And then Luther saw the disaster that was coming for his mother, his sister, and himself. His mother had just killed her husband and King. His uncle would want the throne, and do anything to get it. His aunt was a dangerous creature, and would be deadly so unleashed upon his family. Like a great game of chess, Luther saw the plays his enemies would make -and it dawned on him exactly why his mother had not acted earlier. She needed him to be strong enough, old enough, prepared.
He may not have been able to slay his father, but he could surely protect his family.
Before his father’s blood had stopped flowing, Luther ordered his the guards loyal to him to arrest his mother and place her safely under guard. No soul but himself, Tori and the family cleric was to see her. He quickly ordered his uncle and aunt placed in “protective custody” – and within hours had “found” orders drafted earlier by his father to send them to Mordova as “official emissaries.” They would leave immediately, with royal guard to ensure they arrived at their destination – his father would have wanted it that way, after all. And then Luther went to his father’s library and poured over books for hours on end. Three days later, he found exactly what he was looking for.
His coronation ceremony was held five days after his father’s death. After the crown was upon his head, he ordered his mother brought to him to stand for her crimes.
Luther found his mother innocent of regicide and patricide – his mother had given her word, had she not, that if Raphael struck his children again, she would consider him neither king or husband? Luther also stated she clearly had not murdered his father. She had given him the opportunity to defend himself, which he had failed to do. The facts were clear, King Raphael had been killed while participating in an honorable duel against his wife.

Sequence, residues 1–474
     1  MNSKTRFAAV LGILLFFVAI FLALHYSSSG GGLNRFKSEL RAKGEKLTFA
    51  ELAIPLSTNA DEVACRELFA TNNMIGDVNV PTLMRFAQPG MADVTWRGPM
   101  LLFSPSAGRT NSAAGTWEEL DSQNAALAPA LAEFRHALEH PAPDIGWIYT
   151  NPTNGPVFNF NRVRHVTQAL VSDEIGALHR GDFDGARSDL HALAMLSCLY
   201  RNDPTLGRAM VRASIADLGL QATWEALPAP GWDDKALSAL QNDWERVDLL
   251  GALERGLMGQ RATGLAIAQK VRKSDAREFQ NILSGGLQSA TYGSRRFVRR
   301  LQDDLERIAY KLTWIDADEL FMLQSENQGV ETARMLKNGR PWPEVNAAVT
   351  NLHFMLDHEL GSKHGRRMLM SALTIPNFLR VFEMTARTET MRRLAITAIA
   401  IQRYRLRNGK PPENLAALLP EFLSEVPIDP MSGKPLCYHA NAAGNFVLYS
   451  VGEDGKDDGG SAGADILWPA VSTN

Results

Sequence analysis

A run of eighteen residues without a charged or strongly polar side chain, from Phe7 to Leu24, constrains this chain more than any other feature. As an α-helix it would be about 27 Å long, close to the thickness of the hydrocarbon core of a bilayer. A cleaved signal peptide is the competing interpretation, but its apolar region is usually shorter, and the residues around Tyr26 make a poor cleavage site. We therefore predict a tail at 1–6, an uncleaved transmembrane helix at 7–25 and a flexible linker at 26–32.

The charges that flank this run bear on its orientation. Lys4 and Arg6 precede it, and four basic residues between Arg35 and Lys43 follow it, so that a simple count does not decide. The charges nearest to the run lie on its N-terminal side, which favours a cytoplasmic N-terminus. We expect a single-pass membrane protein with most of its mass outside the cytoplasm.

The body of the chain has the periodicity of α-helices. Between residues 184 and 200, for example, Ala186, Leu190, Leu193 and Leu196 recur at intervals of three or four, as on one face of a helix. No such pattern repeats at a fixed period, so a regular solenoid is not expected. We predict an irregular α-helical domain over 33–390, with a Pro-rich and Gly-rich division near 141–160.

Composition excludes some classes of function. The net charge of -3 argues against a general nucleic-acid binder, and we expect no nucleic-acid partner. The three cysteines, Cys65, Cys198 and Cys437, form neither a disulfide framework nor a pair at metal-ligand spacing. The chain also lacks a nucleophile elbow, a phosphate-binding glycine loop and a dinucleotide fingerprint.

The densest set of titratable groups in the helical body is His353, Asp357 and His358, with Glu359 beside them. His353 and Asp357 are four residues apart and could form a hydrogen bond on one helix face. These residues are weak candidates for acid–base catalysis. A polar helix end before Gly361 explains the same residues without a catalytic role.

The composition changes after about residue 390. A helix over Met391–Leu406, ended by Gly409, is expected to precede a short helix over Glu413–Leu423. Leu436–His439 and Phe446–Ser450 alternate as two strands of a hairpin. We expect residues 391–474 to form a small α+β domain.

However, the rules for the duel had not been firm – when the king was unable to defend himself further, the duel was at an end. Therefore, the Queen was guilty of manslaughter – for the passion of the fight overtook her. Luther then pulled out an ancient case, where a man, possessed of passion in the throes of a duel, had killed his helpless enemy. The man was found guilty of manslaughter, and as his punishment would receive twenty lashes and serve as a replacement father to the children and wife of the man he had killed until the eldest child released him from service. Clearly, this case mirrored his mother’s own predicament – and the judge of that case? None other than Emperor Viori himself. Who was Luther to doubt the logic of the great Viori?
Therefore, Luther ordered his mother to receive twenty lashes, administered by himself. She would be stripped of all titles, and her duty would be to serve as parent to her victim’s children. While one of his soldiers offered to dole out the punishment in his place, Luther smiled at the man and said, “No. These are the last twenty strikes my mother will ever take. I pity the man that ever lays hand on her again.”
So did Luther WrathMourn come to power. Within a few years, he had hired noble warriors, retired generals and respected scholars to travel to WrathMourn to be his teachers. While he remained a private person, with little for friends save his family and his soldiers, he is considered a personable and unerringly polite young man. His people tell stories of a dirty boy that would walk the streets at night with a quiet woman, doing good deeds for the peasants. Their king, being kind and humble.
There are those that still worry – he reflects the strength and nobility of his mother. But, is there any of his father in him? Will the insanity of his family find him?